Coast Road trapping helping birds from forest to sea
A dawn chorus recording opened a gathering of predator trapping groups from the Punakaiki and Barrytown areas of the West Coast over the weekend. With 25 million native birds killed each year by predators like stoats and rats, such groups play an important role in keeping the dawn chorus alive.
Over the past year, local trapping groups have been intensifying their trap networks, new backyard trappers have sprung up, and a Host a Trap initiative along the Barrytown Flats has begun. It is hoped with community participation this new trap line will eventually cover the 18km long coastal lowlands. “It will complement the existing trap networks and together will help stem the flow of predators between the rugged back country and the coastal plains,” said Suzanne Hills, Coordinator of the Coast Road trapping groups.
West Coast trapping groups are not only helping forest birds, but also nesting seabirds including the Westland Petrel and Blue Penguin. Last summer the trapping efforts of Predator Free Punakaiki helped the White-fronted Tern successfully raise fledglings on nesting sites scattered around the iconic Pancake Rocks. “The terns are successful breeders on the predator-free sea stacks, but this was the first time in many years since chicks had been seen on the mainland of Dolomite Point,” said Grant Parrett, team leader of the Punakaiki project. Similarly, the inspiring presentation from Kristel Van Houte of the Karioi Project in Raglan described how community-led predator trapping has been the key to the wonderfully named Oi (grey faced petrel) successfully raising fledglings again on the coastal mountain of Karioi.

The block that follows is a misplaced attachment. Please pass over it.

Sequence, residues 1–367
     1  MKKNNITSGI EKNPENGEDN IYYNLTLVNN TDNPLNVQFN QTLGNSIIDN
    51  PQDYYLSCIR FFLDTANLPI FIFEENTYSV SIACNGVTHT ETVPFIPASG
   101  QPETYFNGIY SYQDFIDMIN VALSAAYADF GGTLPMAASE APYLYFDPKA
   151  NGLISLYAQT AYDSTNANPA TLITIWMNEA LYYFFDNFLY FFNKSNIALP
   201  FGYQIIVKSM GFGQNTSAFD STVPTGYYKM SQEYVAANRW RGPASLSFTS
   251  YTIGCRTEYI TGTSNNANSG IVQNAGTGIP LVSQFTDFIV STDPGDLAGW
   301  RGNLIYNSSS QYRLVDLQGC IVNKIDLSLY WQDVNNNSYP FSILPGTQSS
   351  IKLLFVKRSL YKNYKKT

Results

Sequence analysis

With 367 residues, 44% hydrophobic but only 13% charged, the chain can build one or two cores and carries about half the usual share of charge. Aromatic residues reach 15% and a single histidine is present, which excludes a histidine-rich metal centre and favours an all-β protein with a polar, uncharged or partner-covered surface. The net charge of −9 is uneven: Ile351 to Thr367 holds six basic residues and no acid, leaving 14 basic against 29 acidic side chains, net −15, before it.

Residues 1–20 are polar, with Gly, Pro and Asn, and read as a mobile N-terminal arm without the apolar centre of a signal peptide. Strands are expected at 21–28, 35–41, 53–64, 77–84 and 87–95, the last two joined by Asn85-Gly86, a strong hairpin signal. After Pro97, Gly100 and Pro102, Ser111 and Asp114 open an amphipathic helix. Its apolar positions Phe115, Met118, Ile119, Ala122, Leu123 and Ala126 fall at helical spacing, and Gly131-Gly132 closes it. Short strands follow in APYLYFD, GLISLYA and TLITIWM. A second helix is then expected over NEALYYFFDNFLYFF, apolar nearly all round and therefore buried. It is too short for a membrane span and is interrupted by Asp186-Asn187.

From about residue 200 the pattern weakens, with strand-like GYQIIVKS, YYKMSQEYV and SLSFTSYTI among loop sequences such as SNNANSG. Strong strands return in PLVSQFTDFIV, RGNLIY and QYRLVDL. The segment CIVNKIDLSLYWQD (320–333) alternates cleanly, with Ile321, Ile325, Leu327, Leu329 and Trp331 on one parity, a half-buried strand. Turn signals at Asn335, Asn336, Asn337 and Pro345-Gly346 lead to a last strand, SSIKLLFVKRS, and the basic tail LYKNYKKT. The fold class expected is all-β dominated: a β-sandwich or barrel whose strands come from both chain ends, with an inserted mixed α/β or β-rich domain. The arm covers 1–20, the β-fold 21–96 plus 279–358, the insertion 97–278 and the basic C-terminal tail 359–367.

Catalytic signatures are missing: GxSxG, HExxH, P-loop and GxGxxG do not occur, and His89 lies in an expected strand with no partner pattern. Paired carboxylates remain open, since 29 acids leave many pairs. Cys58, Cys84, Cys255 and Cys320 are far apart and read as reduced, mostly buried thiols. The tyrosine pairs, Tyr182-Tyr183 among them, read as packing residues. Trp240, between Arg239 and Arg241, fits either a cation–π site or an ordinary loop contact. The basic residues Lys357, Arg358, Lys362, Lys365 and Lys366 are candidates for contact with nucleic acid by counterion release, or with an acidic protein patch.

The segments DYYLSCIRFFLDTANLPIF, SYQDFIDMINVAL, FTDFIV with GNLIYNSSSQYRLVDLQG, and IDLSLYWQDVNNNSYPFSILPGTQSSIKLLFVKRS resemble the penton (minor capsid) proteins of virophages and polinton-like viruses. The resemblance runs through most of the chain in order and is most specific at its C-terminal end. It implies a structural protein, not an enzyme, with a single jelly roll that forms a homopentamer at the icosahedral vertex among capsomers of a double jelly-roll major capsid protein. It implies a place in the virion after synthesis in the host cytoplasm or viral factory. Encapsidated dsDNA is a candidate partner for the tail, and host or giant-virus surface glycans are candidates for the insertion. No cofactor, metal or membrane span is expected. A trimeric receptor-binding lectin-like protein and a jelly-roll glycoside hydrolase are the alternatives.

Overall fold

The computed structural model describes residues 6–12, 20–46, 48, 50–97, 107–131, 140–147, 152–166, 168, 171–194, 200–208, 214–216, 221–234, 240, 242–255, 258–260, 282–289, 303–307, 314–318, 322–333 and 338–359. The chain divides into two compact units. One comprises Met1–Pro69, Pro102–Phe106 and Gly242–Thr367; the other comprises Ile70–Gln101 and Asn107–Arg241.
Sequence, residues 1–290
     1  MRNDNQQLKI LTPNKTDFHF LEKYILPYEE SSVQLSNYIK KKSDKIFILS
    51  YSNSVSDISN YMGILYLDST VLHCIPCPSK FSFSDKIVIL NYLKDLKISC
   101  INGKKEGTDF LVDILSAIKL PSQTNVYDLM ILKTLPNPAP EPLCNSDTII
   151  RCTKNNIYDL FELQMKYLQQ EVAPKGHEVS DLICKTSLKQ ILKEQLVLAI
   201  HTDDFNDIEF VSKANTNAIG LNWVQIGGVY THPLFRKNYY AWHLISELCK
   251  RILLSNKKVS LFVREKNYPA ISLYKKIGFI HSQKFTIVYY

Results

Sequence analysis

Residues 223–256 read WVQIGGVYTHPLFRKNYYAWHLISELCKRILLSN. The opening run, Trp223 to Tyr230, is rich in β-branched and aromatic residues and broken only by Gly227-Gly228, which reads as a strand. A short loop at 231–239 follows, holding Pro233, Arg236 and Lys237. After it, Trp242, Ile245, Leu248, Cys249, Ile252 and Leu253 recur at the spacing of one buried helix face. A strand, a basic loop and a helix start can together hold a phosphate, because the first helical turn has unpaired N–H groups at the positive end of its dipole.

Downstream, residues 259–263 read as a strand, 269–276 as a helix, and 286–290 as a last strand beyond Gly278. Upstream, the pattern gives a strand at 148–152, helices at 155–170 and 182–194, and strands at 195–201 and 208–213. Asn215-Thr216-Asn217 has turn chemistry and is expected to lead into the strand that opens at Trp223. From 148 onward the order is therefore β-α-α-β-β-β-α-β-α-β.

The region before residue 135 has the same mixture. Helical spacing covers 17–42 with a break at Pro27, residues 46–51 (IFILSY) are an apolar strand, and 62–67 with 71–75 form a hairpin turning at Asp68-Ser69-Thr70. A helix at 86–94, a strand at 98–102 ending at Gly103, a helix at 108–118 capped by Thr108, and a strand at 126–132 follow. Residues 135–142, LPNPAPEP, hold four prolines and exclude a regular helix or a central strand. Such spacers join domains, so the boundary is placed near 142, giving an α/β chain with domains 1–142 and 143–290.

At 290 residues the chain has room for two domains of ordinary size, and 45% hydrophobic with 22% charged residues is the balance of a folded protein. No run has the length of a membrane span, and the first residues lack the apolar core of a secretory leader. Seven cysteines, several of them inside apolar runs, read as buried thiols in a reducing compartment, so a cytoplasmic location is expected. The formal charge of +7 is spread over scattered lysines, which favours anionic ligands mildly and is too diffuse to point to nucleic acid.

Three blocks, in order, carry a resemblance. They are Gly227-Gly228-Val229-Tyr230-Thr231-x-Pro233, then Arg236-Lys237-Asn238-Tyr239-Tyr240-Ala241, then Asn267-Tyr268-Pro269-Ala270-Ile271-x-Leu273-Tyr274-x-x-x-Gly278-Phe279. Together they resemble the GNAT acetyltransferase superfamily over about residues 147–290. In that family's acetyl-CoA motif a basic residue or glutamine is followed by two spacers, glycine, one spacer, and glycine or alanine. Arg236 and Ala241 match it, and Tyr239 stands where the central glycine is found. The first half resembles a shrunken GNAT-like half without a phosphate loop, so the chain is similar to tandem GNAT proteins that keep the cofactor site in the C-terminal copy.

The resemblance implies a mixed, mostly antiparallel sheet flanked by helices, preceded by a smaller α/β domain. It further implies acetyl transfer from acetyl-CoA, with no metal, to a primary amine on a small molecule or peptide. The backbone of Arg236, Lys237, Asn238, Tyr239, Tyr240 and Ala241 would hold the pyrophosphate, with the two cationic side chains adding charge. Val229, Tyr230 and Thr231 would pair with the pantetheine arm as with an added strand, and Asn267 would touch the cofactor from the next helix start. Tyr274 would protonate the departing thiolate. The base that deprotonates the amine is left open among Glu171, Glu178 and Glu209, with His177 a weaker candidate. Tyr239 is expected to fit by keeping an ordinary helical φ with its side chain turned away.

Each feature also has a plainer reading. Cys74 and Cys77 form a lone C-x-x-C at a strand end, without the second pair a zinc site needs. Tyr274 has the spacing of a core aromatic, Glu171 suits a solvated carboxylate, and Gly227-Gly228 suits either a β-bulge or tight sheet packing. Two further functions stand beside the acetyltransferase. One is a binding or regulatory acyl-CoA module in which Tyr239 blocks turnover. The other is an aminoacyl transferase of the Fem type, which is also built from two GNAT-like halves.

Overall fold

Skills based workshops were a large part of the gathering and participants gained skills and knowledge on different types of traps, using trail cameras to monitor predators, setting up a project on the trap.nz website and indentifying bird song. Children also had fun making weta motels and lizard lounges to provide predator-safe havens in their backyards, and constructing a simple tracking tunnel to discover what predators might be present. Participants also enjoyed a guided tour of the Barrytown School trap line led by two of the school children.
Over 1000 predators have been trapped by the local projects over the past 12 months, but as the work is ongoing, groups are always looking for more volunteer help. If you would like to get involved in a local trapping group then please get in touch.
Coast Road Dawn Chorus Co-ordinator
028 415 6994